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    Volkswagen Class Action Litigation Assigned to Federal Judge in Northern California

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    Posted on December 9, 2015 To

    vw-963805__180.jpgA federal judge in the Northern District of California has been assigned to handle the multidistrict litigation (MDL) involving the Volkswagen emissions scandal.

    That means that all of the cases filed, more than 500 class actions in 60 different federal courts across the country, will be transferred to U.S. District Judge Charles Breyer who will hear all of the actions. The U.S. Judicial Panel on Multidistrict Litigation selected Judge Breyer, the brother of Supreme Court of the United States Justice Stephen Breyer, to hear the matter because of his experience in handling MDLs. Judge Breyer has handled nine MDLs in the past and currently presides over the MDL price-fixing litigation against major airlines.

    MDL matters are very complex and it is essential that all class members are treated fairly, according to experts. MDL Panel Chairwoman Sarah Vance wrote that Judge Breyer is “a jurist who is thoroughly familiar with the nuances of complex, multidistrict litigation.” In making its decision, the panel also wrote that “Relevant documents and witnesses may be found in both the Northern District and throughout California, given the role played by the California Air Resources Board in uncovering VW’s use of defeat devices on its diesel engines.”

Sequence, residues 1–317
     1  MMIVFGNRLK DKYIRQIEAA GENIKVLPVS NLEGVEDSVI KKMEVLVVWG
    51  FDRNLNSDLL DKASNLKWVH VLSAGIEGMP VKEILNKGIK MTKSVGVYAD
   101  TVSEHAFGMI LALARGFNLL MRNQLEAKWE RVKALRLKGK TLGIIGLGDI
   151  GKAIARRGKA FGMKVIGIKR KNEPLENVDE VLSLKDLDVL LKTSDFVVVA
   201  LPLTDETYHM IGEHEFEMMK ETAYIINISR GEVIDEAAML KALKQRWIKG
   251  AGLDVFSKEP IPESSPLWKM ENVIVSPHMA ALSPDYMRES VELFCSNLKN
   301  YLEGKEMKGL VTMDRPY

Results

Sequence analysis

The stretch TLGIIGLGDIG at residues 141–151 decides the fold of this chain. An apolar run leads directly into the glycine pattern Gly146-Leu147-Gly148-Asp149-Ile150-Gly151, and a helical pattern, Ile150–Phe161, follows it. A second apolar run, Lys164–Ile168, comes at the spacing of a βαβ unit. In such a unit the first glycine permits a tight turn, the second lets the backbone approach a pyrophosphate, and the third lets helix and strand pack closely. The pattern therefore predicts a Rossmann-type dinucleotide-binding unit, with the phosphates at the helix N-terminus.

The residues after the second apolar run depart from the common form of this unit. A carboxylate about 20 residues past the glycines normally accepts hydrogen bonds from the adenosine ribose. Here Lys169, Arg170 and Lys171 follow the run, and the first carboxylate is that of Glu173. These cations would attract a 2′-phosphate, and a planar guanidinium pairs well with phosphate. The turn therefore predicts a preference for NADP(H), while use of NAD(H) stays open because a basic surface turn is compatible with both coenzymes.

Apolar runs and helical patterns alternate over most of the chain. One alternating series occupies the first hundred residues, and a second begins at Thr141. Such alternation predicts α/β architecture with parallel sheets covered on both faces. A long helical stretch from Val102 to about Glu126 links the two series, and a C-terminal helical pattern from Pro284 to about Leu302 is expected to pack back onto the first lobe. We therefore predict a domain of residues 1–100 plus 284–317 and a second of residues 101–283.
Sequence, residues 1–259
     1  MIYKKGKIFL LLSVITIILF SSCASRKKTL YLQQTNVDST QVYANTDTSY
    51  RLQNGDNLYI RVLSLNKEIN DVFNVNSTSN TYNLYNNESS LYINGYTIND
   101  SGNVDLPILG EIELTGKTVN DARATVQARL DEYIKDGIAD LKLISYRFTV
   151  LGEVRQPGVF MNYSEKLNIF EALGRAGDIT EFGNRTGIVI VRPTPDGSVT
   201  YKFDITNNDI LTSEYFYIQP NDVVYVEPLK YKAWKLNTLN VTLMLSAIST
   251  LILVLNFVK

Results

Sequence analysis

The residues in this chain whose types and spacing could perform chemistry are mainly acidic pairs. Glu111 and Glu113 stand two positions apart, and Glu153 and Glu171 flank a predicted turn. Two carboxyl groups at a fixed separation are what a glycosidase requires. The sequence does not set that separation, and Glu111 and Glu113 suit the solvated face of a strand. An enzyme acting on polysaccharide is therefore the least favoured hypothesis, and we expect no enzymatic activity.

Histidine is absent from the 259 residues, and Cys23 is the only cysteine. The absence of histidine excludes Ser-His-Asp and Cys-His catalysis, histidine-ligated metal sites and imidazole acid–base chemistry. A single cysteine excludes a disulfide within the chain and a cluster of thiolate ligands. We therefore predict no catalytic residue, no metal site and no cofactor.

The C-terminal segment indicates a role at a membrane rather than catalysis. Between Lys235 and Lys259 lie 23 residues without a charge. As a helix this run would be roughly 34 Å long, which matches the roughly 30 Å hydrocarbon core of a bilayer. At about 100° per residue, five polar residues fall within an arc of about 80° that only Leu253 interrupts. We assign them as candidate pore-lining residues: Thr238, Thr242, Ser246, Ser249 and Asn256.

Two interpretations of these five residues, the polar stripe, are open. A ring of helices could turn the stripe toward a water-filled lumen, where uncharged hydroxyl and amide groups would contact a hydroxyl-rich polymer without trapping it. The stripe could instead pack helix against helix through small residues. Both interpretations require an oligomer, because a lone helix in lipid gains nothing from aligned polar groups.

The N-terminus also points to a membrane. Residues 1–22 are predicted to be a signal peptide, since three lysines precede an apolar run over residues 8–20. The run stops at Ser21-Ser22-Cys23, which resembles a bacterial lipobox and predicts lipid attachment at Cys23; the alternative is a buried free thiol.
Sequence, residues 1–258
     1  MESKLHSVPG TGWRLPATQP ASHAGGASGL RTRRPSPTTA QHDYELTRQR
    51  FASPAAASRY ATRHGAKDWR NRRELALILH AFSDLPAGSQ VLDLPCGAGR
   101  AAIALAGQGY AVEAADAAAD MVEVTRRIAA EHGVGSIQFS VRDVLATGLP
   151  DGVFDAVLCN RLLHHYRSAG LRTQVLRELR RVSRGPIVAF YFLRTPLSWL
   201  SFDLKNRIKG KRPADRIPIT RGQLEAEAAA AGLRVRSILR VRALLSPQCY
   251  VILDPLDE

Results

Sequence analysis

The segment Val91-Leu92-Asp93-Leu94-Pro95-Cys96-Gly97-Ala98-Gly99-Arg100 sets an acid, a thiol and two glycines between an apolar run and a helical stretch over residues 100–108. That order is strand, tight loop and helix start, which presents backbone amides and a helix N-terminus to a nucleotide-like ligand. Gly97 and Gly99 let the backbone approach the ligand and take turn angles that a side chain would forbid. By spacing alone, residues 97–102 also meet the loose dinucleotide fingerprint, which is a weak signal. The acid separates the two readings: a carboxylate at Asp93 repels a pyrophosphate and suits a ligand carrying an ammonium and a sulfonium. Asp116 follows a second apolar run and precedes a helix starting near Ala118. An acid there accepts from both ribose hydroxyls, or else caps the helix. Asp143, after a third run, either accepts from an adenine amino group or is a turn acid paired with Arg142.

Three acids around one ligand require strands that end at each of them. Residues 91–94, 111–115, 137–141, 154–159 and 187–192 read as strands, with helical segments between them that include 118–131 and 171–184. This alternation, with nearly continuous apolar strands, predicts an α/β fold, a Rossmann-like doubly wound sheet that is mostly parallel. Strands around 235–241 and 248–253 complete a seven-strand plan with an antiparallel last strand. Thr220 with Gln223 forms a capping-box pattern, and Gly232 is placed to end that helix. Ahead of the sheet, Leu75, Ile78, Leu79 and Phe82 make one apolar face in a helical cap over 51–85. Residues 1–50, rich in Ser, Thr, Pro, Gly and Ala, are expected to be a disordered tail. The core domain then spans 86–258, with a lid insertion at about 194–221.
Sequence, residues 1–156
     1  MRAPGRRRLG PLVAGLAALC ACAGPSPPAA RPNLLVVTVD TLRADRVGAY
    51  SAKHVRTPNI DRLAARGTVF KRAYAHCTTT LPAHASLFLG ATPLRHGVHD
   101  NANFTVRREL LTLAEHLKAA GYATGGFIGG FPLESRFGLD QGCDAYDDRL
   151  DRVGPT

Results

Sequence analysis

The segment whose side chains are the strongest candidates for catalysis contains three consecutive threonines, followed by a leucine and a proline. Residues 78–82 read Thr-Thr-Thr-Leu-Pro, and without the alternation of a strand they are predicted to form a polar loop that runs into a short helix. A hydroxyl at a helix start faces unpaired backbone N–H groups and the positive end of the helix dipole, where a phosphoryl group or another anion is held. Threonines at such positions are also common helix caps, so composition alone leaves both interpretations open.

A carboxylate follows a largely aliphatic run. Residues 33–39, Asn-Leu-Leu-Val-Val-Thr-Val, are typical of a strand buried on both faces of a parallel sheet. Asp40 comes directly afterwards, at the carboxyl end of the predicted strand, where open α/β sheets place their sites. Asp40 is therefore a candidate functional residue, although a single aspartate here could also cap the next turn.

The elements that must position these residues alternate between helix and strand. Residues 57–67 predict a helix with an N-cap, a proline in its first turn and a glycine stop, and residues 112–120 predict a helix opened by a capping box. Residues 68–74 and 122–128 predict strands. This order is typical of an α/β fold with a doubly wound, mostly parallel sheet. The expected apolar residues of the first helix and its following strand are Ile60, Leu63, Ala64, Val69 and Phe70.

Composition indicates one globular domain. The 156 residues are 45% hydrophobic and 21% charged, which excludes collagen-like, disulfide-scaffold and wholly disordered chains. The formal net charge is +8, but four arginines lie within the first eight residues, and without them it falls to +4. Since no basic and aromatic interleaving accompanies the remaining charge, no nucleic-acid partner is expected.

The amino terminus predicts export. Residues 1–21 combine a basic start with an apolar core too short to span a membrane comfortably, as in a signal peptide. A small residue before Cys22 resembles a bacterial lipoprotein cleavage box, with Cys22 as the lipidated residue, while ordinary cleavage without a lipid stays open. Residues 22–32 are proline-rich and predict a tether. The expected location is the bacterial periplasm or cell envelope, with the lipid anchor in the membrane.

The Volkswagen case involves about 482,000 vehicles in the United States that were installed with a “defeat device” designed to cheat emissions tests. The vehicles emit as much as 40 times the standard for nitrogen oxides. Volkswagen has admitted that 11 million vehicles worldwide are affected. Several investigations by various government agencies are ongoing.

    About one-fifth of the lawsuits against Volkswagen were filed in California, according to various media reports — California is the venue for 100 of the 513 nationwide federal lawsuits.

    A spokesperson for Volkswagen announced that the company will “vigorously defend the company in these cases.”